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Mitotic chromosome condensation, sister chromatid cohesion, and higher order folding of interphase chromatin are mediated by condensin and cohesin, eukaryotic members of the SMC (structural maintenance of chromosomes)-kleisin protein family. Other members facilitate chromosome segregation in bacteria [1]. A hallmark of these complexes is the binding of the two ends of a kleisin subunit to the apices of V-shaped Smc dimers, creating a tripartite ring capable of entrapping DNA (Figure 1A). In addition to creating rings, kleisins recruit regulatory subunits. One family of regulators, namely Kite dimers (Kleisin interacting winged-helix tandem elements), interact with Smc-kleisin rings from bacteria, archaea and the eukaryotic Smc5-6 complex, but not with either condensin or cohesin [2]. These instead possess proteins containing HEAT (Huntingtin/EF3/PP2A/Tor1) repeat domains whose origin and distribution have not yet been characterized. Using a combination of profile Hidden Markov Model (HMM)-based homology searches, network analysis and structural alignments, we identify a common origin for these regulators, for which we propose the name Hawks, i.e. HEAT proteins associated with kleisins.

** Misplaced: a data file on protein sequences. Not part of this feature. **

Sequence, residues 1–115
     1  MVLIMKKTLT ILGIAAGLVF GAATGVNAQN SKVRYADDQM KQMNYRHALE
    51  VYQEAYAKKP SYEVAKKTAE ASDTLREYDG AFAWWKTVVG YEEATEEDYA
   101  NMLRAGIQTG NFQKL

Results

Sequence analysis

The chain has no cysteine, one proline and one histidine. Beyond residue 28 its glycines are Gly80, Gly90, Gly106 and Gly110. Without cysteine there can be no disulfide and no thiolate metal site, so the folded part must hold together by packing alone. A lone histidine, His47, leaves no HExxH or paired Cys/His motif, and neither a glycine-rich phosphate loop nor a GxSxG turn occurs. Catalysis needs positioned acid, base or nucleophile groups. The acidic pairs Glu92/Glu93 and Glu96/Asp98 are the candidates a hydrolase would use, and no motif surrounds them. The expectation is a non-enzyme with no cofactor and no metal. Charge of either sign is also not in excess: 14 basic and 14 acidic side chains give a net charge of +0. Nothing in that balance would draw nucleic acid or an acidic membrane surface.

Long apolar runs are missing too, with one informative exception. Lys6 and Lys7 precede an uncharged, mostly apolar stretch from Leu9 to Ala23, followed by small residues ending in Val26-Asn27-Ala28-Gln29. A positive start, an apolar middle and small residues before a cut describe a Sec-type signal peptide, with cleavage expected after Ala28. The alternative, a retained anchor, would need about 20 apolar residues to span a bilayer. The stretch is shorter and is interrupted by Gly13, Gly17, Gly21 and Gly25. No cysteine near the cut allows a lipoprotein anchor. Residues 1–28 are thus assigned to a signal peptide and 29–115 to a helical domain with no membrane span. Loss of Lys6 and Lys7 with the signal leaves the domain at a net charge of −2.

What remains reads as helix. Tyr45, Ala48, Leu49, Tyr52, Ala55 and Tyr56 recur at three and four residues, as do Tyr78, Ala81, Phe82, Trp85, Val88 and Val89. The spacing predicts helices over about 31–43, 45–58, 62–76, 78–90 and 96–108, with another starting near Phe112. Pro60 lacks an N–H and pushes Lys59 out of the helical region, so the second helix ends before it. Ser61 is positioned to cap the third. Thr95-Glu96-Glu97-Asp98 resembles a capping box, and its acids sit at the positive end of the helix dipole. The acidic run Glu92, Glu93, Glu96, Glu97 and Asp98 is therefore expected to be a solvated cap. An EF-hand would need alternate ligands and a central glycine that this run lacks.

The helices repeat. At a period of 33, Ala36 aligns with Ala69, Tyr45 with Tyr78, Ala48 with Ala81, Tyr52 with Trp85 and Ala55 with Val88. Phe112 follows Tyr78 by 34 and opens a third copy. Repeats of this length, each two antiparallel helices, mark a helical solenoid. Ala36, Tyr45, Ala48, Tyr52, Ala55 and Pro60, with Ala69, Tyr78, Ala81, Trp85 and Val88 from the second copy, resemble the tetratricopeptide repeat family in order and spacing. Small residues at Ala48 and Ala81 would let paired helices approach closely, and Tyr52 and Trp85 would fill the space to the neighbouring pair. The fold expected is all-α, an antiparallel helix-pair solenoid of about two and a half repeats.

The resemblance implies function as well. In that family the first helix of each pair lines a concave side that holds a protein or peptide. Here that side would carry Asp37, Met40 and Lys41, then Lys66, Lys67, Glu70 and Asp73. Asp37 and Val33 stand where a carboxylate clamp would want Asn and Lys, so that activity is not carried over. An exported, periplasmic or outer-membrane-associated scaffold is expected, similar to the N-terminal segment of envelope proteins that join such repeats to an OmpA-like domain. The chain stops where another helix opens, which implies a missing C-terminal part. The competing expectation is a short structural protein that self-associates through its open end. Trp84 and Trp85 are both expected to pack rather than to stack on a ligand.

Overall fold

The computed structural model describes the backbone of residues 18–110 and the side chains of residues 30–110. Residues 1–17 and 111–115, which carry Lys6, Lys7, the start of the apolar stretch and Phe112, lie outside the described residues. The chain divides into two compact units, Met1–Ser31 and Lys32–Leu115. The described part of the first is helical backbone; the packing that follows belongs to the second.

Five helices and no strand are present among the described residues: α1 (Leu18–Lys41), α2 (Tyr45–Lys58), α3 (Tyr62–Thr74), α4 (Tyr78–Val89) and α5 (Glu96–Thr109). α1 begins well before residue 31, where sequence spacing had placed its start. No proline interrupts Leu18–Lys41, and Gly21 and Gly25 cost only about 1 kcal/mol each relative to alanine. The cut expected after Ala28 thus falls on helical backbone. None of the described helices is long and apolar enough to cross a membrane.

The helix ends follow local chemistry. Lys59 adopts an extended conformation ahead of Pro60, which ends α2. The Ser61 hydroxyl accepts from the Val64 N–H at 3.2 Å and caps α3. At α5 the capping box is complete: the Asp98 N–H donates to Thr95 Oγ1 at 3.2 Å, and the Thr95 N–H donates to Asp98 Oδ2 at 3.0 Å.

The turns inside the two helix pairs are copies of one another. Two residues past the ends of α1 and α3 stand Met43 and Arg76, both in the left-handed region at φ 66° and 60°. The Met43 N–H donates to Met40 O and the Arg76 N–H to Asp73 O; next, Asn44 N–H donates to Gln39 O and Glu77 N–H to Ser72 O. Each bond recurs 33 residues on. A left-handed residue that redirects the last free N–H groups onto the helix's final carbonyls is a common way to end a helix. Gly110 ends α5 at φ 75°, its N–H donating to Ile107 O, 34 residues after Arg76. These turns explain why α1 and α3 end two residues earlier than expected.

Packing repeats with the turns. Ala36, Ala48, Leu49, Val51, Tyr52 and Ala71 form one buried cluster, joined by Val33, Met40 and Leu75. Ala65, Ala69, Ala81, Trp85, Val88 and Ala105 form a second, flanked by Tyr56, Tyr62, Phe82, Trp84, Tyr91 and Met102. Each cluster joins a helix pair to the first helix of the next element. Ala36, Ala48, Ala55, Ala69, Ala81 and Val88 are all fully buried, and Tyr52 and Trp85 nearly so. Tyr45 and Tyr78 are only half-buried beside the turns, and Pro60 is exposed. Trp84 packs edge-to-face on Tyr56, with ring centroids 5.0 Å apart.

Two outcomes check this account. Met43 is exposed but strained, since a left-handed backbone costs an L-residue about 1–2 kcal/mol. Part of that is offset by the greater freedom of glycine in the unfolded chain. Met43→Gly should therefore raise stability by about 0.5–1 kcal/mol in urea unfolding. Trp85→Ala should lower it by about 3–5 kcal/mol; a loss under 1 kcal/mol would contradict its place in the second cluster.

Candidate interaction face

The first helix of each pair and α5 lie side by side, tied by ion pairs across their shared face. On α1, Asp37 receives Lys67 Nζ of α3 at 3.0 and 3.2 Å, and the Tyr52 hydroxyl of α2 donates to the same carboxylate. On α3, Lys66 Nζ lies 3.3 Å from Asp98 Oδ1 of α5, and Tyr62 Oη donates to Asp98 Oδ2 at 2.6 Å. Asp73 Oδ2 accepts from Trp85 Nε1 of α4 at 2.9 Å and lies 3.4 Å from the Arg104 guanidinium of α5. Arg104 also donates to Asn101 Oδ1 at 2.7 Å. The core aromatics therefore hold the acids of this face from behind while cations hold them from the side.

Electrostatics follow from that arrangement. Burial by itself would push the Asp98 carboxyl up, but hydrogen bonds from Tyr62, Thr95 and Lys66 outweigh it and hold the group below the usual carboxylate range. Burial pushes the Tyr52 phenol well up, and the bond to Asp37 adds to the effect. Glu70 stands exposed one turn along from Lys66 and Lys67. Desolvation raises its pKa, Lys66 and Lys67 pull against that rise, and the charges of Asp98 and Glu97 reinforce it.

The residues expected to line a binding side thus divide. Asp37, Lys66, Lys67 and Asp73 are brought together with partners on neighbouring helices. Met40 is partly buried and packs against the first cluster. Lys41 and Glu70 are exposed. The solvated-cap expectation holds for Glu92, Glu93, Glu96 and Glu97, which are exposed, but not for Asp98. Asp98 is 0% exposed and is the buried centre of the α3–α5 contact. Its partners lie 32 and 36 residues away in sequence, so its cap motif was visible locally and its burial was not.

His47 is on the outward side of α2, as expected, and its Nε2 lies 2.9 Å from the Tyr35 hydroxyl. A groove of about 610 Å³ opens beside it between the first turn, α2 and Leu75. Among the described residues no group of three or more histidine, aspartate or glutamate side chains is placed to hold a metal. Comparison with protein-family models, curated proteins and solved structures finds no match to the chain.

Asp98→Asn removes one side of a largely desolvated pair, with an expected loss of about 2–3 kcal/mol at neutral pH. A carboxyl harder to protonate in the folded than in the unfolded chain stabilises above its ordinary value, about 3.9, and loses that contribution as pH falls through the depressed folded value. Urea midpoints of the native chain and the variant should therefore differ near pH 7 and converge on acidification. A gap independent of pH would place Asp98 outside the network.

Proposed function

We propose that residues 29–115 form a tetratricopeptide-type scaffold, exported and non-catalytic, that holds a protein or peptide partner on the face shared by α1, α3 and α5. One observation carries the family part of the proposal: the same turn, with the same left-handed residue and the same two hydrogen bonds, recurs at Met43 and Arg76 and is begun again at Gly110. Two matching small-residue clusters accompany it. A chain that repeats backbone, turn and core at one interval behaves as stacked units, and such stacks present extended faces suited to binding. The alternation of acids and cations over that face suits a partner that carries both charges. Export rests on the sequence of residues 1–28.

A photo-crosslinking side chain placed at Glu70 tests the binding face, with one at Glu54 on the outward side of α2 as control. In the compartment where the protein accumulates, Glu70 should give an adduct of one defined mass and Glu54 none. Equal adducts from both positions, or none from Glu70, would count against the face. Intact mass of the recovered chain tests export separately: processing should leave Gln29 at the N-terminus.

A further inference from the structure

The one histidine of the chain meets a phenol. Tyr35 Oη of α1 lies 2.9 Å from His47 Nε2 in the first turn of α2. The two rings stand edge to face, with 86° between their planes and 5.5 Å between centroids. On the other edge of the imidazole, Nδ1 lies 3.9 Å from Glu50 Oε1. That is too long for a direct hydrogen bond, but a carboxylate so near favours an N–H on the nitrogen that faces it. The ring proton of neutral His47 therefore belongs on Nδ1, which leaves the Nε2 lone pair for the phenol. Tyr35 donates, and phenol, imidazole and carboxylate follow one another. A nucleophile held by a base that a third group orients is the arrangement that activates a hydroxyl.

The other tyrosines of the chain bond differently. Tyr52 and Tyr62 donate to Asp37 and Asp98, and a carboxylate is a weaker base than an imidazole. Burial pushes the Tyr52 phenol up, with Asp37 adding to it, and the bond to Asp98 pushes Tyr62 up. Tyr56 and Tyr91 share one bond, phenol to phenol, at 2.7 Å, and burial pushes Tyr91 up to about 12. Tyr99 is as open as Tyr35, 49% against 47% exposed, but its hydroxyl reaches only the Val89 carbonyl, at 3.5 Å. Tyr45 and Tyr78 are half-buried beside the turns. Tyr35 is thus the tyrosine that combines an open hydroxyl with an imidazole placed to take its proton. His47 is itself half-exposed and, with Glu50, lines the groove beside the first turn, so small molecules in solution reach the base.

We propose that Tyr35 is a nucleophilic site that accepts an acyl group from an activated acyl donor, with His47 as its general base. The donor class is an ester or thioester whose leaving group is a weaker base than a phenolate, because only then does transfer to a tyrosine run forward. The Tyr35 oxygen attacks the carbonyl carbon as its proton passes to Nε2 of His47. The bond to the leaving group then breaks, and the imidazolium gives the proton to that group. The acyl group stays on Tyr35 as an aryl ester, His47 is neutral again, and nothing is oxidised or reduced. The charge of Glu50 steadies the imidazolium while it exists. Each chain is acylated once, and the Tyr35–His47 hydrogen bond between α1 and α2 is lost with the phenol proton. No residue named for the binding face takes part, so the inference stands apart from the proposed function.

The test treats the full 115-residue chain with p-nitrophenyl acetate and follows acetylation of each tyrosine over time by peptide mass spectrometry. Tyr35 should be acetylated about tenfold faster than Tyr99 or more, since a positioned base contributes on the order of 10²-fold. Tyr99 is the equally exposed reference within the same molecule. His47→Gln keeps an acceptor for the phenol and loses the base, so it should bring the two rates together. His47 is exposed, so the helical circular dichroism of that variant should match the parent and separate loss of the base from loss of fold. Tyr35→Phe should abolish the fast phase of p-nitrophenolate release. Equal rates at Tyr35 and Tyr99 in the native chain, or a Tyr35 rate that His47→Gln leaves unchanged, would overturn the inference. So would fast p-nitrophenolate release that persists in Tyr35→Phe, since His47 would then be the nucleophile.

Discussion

Original publication




Journal article


Curr Biol

Publication Date





R17 - R18


Adenosine Triphosphatases, Cell Cycle Proteins, Chromosomal Proteins, Non-Histone, Chromosome Segregation, DNA-Binding Proteins, Eukaryota, Evolution, Molecular, Markov Chains, Mitosis, Multiprotein Complexes